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PEACH AND RHUBARB CRISP

Eating Local
by Sur La Table with Janet Fletcher

Rhubarb's frank tartness can be overwhelming to some, even when it is tamed with sugar. Pairing it with sweet fruit, such as peaches, puts that acidity to good use. In this crisp, the tangy rhubarb balances an old-fashioned dessert that might otherwise seem cloying. If your peaches are very sweet, you can reduce the sugar in the filling by 1 to 2 tablespoons. Serve the crisp warm with whipped cream, ice cream, or frozen yogurt.
Serves 8


INGREDIENTS

Topping
• 3/4 cup unbleached all-purpose flour
• 3 tablespoons brown sugar
• 2 tablespoons granulated sugar
• 1/4 teaspoon ground cinnamon
• Pinch of kosher or sea salt
• 6 tablespoons unsalted butter, cool but not chilled, cut into 12 pieces
• 1/2 cup coarsely chopped toasted walnuts
• 1/3 cup old-fashioned rolled oats

• 1½ to 1¾ pounds peaches, peeled, halved, pitted, and cut into 1/2-inch chunks
• 1/2 pound rhubarb, trimmed and cut crosswise into 1/2-inch pieces
• 1/2 cup plus 2 tablespoons granulated sugar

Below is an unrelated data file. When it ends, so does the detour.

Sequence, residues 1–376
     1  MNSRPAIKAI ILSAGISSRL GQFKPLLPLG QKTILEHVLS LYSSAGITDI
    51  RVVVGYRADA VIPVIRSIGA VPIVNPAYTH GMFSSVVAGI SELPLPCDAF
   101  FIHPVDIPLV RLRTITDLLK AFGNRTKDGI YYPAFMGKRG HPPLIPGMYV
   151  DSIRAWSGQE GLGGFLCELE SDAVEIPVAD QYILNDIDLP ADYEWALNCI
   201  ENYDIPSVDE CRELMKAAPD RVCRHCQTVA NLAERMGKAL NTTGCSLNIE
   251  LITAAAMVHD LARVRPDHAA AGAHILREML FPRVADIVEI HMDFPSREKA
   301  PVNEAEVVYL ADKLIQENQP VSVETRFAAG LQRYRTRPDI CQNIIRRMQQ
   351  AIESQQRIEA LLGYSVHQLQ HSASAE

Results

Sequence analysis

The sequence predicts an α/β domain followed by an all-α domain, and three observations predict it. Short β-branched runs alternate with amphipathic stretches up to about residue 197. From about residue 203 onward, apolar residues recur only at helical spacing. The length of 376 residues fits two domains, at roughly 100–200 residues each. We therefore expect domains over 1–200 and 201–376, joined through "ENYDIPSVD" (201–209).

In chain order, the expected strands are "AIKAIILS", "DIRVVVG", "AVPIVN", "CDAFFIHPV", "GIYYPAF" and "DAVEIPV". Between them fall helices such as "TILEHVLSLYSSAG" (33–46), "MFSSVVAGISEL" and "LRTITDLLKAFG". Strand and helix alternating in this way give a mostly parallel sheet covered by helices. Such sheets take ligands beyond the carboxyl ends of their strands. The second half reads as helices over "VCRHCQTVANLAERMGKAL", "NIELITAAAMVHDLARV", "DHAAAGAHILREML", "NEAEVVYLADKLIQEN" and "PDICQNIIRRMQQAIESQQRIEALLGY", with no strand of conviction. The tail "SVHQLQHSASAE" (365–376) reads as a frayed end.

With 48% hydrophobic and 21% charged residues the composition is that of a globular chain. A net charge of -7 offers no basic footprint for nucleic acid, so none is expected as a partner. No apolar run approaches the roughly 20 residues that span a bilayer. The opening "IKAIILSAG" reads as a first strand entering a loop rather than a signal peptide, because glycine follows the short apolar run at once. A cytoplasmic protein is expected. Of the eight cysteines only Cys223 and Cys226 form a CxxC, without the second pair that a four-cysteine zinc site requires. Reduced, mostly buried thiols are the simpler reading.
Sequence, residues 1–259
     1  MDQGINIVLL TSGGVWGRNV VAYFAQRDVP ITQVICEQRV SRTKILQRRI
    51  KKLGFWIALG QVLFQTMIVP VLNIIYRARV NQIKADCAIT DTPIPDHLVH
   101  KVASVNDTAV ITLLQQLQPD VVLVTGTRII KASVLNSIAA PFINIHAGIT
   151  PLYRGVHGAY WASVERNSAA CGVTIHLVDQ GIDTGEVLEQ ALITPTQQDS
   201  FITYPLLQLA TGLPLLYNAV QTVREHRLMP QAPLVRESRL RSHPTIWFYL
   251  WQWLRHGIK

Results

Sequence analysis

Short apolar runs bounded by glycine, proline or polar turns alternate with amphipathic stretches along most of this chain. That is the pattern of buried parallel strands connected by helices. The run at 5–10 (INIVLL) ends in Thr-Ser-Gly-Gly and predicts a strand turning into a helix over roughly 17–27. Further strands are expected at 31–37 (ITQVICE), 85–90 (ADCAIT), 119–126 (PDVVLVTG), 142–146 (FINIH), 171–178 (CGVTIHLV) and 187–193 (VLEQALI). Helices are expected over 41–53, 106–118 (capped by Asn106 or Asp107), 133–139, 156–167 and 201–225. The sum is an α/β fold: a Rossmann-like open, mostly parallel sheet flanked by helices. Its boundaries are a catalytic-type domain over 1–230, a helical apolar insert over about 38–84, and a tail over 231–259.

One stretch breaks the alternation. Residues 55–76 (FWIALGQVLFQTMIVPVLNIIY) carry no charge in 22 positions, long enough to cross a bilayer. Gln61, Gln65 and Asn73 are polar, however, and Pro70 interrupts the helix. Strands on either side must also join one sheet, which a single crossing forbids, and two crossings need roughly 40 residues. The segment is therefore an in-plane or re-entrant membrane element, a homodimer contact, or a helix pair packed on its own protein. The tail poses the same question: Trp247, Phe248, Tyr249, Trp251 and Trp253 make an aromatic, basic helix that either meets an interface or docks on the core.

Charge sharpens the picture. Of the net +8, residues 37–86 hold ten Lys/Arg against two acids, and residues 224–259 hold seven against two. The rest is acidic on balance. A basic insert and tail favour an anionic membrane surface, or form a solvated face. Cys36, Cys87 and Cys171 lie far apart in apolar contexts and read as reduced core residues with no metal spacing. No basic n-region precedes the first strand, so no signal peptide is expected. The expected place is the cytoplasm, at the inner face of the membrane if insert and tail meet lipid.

• 2 tablespoons quick-cooking tapioca


DIRECTIONS

1. To make the topping, put the flour, brown sugar, granulated sugar, cinnamon, and salt in a stand mixer fitted with the paddle. Mix on low speed until well blended. Add the butter and mix until the mixture resembles coarse crumbs. On medium-low speed, add the walnuts and oats and mix until the mixture begins to clump, 2 to 3 minutes. You can also prepare the topping in a food processor, but the mixer is preferable. Set aside.

2. Preheat the oven to 375°F. Put the peaches, rhubarb, granulated sugar, and tapioca in a large bowl and stir to blend. Let stand for 10 minutes to draw some juices from the fruit.

3. Transfer the fruit to a 10-inch pie pan or other baking dish of similar capacity and spread it evenly. Sprinkle the topping evenly over the surface. Put the pie pan on a baking sheet to catch any drips.

4. Bake until the topping is nicely browned and the filling is bubbling, about 50 minutes. Cool on a rack Serve warm, not hot.
 

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